Massachusetts Bankruptcy Court cracks down on terms of loan modification agreements

The bankruptcy courts in Massachusetts have begun a crackdown on loan modification agreements that seek to reduce the court’s power over lenders.

In a standing order issued on March 2nd, the court has nullified any provision in a loan modification agreement that tries to eliminate a debtor’s automatic stay if they default after filing a bankruptcy case.

The “automatic stay” provisions protect debtors by requiring creditors to get explicit court approval for any actions they want to take against debtors who have filed for bankruptcy protection.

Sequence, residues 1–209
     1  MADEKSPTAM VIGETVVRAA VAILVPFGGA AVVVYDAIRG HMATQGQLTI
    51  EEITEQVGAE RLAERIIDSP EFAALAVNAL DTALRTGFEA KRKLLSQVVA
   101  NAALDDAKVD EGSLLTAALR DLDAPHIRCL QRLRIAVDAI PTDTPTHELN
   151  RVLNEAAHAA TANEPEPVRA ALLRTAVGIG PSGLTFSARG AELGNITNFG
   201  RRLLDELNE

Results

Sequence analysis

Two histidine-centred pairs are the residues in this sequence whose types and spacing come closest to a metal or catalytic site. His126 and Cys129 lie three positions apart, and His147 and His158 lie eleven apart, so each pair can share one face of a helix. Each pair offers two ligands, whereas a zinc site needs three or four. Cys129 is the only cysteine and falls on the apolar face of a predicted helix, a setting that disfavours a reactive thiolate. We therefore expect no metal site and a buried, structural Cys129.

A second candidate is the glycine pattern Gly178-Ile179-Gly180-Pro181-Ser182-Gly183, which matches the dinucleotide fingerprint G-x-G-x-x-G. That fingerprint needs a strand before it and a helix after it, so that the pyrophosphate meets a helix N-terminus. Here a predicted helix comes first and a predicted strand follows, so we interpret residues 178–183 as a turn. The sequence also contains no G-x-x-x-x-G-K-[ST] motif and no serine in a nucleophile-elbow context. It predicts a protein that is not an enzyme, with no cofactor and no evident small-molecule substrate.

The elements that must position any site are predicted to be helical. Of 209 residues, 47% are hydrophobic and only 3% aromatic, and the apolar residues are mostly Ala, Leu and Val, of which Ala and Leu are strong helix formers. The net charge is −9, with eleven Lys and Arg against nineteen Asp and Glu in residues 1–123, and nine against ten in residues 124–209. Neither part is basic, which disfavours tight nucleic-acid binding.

The new order makes it clear that in Massachusetts, a lender will have to get a bankruptcy judge’s approval before taking any aggressive action against a homeowner with an active Chapter 7 or Chapter 13 case in court, and they cannot rely on fine print in loan modification deals that try to waive this requirement.

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